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SPEECH

Hearing at the Committee on Economic and Monetary Affairs of the European Parliament

Opening remarks by Christine Lagarde, Chair of the ESRB, at the ECON committee of the European Parliament (by videoconference)

Brussels, 8 June 2020

Madam Chair,

Honourable Members of the Committee on Economic and Monetary Affairs,

Ladies and gentlemen,

It is a pleasure to appear before this Committee for the first time in my capacity as Chair of the European Systemic Risk Board (ESRB).

The ESRB has always had a strong relationship with this Committee. You played a crucial role in establishing the ESRB in 2010, and you have drawn its attention to many important issues (including the impact of climate change and the role of the International Financial Reporting Standards for financial stability). You have also greatly contributed to the strengthening of the institutional framework of the ESRB, which took effect at the end of last year. As part of this process, we are delighted to have implemented enhanced accountability and transparency measures. It is important that the ESRB clearly explains its actions to the European citizens, legislators and financial sector, particularly in these difficult times.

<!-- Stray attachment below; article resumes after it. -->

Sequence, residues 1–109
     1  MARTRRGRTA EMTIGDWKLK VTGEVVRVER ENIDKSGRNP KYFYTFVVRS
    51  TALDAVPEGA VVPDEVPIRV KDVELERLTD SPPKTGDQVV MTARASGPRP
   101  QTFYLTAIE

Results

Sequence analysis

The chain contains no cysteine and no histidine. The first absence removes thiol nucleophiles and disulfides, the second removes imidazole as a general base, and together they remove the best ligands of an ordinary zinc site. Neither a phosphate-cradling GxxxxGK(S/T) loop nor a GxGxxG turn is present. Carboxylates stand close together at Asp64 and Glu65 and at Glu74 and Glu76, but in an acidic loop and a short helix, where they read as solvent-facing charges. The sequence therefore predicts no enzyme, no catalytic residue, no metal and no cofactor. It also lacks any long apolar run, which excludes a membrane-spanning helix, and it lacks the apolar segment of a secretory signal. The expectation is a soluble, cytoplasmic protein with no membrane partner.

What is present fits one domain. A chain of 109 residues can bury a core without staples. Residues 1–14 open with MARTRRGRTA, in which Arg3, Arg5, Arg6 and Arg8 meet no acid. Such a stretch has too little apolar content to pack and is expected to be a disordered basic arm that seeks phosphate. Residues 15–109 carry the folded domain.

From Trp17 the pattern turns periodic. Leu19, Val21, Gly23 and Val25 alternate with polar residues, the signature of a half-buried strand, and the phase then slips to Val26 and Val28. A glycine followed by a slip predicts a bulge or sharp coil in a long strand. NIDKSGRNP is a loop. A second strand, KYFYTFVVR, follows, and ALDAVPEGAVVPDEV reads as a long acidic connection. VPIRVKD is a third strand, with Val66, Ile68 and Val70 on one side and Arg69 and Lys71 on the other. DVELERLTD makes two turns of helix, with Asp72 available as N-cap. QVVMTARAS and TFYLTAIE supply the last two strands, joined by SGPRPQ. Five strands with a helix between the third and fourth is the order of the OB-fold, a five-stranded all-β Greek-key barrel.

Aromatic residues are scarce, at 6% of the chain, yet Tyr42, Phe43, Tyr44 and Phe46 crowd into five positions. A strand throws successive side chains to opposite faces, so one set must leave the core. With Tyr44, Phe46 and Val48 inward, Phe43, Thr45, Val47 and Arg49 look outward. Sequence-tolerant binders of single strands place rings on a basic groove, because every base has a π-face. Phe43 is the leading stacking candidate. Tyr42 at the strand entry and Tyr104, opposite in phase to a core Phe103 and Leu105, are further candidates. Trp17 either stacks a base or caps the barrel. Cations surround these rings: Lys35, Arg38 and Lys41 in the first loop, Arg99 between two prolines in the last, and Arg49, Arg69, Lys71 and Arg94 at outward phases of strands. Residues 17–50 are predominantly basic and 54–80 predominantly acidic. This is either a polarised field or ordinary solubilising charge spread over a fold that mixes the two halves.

This brings me to the main topic of my opening remarks. I would like to explain how the ESRB has responded to the challenges posed by the coronavirus (COVID-19) pandemic.